Physician Didn't Diagnose--Neurologically Odd Son

That about sums it all up. 

Wednesday, April 10, 2013

Wordless Wednesday

Life is not measured
by the number of breaths we take
But by the moments
that take our breath away.

Like our lopsided face? Rebekah had to have a cavity filled. It was her first filling and first time with Novocaine  The dentist said she handled it like a champ. Her brothers thought her Novocaine induced lopsided smile was the funniest thing ever. We had to document and she wanted to know when I could post on Facebook--and my blog. 

So, Rebekah, here you go. 

Thursday, April 04, 2013

Autism April Fools

Autism Acceptance Month:

Imagine what it's like to wake up and know an entire day is going to be devoted to doing all the things you find most confusing, most bewildering and most hurtful. Welcome to Autism and April Fools Day. 

On Monday morning, Nathan got up and was already in tears and distraught. I thought he had a bad dream. He kept telling me he didn't know what was wrong. So we got dressed and ready for school. Five minutes before he has to leave, he says to me, "Today should be a holiday!"
Me: "Since it's Easter Monday?"
N: "No. Because how are you supposed to know if homework is really assigned or if it's a big joke."
Enlightenment comes to me swiftly here. Now I know why we are running at top anxiety this morning. 
Me: "Nathan, I don't think your teachers would really do that. And if they did, they will make a BIG DEAL out of telling you it's a joke...but I really don't think they will."

From there we discussed that friends are most likely to pull jokes. And not big, scary, messy ones like we see on TV. Just average "your shoe is untied--April Fools" jokes. I calmed him down as best as I could and sent him on his way...then ran to the computer and emailed every teacher to give them a heads up. One very lovely teacher emailed and said she would personally walk him to his last class of the day because it is downstairs and he would be most likely to find pranksters on the stairwell. She swore to keep him safe to his class. And she did. 

He told me 4-5 friends tried to tell him his shoes were untied. One tried to tell him he spilled some of his lunch on his shirt. That was it. All that anxiety for almost nothing. But think about it--if you can't read facial expressions or body language, you have trouble telling the difference between sarcasm and sincerity, and pragmatic language and idioms (such as raining cats and dogs, laughed my head off) seems literal to you, how anxious would a day of practical jokes be to you?

We are thankful he made it through the day (and teachers backed off in his class and didn't play jokes). Hopefully next year will be less anxious. But all in all, it's just another autistic day in my house.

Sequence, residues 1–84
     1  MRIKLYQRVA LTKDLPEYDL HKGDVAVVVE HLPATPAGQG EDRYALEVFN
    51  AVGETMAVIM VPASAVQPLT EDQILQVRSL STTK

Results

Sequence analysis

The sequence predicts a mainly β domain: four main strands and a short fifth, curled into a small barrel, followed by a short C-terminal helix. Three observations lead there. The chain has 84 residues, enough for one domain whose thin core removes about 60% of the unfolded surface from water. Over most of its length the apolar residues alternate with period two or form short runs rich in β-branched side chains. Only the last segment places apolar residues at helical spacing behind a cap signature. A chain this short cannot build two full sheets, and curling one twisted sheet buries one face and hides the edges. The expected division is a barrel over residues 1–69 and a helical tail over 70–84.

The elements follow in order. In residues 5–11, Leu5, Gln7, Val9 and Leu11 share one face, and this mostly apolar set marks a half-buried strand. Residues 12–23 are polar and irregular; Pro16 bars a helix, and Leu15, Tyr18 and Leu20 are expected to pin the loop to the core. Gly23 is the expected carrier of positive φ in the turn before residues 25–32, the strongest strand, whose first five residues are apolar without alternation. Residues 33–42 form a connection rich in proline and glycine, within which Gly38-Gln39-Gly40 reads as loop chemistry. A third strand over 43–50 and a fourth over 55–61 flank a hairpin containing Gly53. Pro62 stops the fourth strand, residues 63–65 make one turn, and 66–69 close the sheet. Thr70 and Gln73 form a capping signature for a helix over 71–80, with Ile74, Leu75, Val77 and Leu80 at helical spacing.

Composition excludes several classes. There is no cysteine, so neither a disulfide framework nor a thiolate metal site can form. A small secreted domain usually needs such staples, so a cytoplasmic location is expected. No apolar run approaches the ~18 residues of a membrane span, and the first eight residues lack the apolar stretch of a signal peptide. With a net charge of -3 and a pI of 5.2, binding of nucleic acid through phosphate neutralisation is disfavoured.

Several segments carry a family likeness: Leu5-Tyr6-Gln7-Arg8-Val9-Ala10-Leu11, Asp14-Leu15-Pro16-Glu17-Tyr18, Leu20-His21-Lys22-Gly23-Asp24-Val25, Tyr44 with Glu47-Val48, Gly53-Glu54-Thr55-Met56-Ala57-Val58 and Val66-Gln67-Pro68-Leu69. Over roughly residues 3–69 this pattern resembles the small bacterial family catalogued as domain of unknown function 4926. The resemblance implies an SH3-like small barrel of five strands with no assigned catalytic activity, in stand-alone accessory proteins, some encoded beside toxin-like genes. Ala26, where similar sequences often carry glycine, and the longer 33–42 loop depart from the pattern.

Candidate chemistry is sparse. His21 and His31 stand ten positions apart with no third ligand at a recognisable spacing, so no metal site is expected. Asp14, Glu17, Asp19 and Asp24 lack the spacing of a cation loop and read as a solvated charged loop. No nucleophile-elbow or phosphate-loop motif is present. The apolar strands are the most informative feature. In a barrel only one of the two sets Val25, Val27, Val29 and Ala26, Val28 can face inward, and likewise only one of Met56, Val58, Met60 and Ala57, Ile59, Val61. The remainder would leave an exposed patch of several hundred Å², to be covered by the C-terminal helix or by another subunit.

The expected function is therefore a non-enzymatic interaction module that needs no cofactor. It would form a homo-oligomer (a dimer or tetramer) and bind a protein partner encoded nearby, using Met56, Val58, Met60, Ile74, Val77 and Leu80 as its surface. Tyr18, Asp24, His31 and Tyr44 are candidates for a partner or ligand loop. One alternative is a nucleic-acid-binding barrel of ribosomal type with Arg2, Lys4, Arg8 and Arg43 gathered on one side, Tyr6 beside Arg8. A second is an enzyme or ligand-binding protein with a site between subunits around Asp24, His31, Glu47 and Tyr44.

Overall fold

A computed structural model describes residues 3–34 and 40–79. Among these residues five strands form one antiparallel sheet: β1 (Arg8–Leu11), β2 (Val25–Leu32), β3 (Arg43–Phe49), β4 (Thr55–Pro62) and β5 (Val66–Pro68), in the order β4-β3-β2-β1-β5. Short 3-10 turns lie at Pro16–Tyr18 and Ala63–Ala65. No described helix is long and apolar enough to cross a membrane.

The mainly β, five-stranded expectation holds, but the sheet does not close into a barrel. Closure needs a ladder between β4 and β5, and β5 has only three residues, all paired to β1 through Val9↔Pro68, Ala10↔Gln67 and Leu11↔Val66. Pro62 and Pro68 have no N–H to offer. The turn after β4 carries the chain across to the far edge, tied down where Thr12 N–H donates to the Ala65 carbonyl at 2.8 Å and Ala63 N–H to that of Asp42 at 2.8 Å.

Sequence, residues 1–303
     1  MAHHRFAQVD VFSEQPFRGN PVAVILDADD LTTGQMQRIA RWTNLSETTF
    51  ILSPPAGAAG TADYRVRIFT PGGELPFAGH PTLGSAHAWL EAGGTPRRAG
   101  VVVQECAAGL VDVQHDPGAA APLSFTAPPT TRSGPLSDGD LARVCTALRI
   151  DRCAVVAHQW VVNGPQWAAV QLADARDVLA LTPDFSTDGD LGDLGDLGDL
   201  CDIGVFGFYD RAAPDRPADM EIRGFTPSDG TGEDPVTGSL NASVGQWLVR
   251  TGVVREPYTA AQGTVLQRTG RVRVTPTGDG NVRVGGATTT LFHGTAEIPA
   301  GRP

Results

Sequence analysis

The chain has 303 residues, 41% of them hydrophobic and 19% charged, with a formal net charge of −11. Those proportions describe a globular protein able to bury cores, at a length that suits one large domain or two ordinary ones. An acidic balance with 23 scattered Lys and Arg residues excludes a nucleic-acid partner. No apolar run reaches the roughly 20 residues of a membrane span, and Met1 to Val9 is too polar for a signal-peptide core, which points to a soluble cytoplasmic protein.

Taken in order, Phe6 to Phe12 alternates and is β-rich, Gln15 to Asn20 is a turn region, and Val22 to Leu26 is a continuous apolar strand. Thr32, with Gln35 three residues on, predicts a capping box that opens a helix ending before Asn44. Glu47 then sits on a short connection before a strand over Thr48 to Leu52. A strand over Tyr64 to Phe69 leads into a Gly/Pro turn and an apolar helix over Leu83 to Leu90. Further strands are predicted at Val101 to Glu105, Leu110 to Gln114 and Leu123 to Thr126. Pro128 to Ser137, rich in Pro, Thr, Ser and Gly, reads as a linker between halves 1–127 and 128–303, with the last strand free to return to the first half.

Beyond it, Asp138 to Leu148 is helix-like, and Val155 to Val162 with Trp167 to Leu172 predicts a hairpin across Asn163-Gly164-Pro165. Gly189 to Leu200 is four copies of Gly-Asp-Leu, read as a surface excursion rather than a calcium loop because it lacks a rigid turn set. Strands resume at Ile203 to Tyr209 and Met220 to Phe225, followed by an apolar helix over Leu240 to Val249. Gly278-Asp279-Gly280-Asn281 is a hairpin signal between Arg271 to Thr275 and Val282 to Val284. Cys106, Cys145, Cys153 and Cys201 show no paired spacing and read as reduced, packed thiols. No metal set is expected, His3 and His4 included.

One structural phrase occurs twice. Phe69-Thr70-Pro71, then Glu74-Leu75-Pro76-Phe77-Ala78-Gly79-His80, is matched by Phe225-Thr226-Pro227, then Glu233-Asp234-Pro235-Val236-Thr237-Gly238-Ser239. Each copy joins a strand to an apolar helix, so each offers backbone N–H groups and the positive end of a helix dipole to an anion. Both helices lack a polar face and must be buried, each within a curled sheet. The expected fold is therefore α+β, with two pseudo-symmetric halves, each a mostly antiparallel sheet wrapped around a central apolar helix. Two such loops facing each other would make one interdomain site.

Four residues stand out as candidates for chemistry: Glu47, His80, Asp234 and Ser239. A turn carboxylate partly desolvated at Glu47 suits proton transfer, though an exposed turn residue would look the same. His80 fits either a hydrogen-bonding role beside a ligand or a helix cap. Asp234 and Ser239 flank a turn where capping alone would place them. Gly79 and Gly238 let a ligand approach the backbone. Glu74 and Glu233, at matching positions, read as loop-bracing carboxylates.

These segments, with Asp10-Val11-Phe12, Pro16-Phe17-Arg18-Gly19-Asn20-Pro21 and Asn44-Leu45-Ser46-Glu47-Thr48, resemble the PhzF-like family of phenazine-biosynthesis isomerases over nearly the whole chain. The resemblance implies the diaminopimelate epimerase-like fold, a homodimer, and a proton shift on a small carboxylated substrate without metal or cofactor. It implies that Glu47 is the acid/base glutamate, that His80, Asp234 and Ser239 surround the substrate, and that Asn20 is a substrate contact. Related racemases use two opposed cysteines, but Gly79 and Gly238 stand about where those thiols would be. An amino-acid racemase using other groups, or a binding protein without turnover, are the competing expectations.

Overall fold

Wednesday, April 03, 2013

Wordless Wednesday

Life is not measured
by the number of breaths we take,
but by the moments
that take our breath away. 

At his birthday party this year. 

Prior to planning the party, Nathan asked if he could have a sleepover. I asked if he wanted to ask 1 or 2 friends. He told me he needed to invite his BEST friends so there would be 5 plus him. I told him no. Not doing a sleepover for 6 middle school boys. We settled on a game room/laser tag/golf place and he was then also able to invite the girls from school who are also his friends.

After he gave me the list of friends to invite and went to school, I cried. For years and years we've worked, done therapies, facilitated opportunities to socialize, given tasks to initiate contact with other kids...and in middle school (a horrible place as I recall), he's managed to connect with kids who are his friends. 

Nathan has friends. 

I cry. I shed tears of joy that at least 9 kids at his school see beyond any awkwardness, forgive less eye contact than normal, and look deeper to the heart of the matter and the heart of Nathan. Nathan is kind and caring. He wants so much to find a way to connect and they have taken the time to become his friends...and his defenders. His friends to laugh with, share secrets with, call for help on  homework. They are real. They are wonderful. And they don't even seem to realize that there's anything 'different' about Nathan. 

Oh to have the eyes of these wonderful children who see just Nathan. They see who he is on the inside and aren't hung up on the delivery. Everyone should be so lucky as to have 9 friends like these in their lives. 

Tuesday, April 02, 2013

World Autism Awareness Day

Today was World Autism Awareness day and it kicks off Autism Awareness Month. And this year...I let it go (or I thought I did). I didn't 'do' all the Autism events nor did I post about it. But I've been inspired by several other autism moms to take time to share this month about autism in my everyday life. I think we are all 'aware' of autism, but I'd like to see us rename the month Autism Acceptance Month. I'd like people to understand the ups and downs the joys and sorrows faced when you love someone with autism. 

I find it ironic that World Autism Day follows what I refer to as "Autism Hazing Day" (aka April Fools). I'll share that story tomorrow--so stay tuned. I will attempt to share a little something almost every day this month about life with autism. The world needs to hear the message and find acceptance. 1 in 88 (and dropping) means that very, very soon, every family will have at least one person with Autism in their family. 

If you have questions you've wanted to ask but weren't sure if it would be ok, I encourage you to ask during Autism Acceptance month. I won't judge you and I'll do my best to answer them.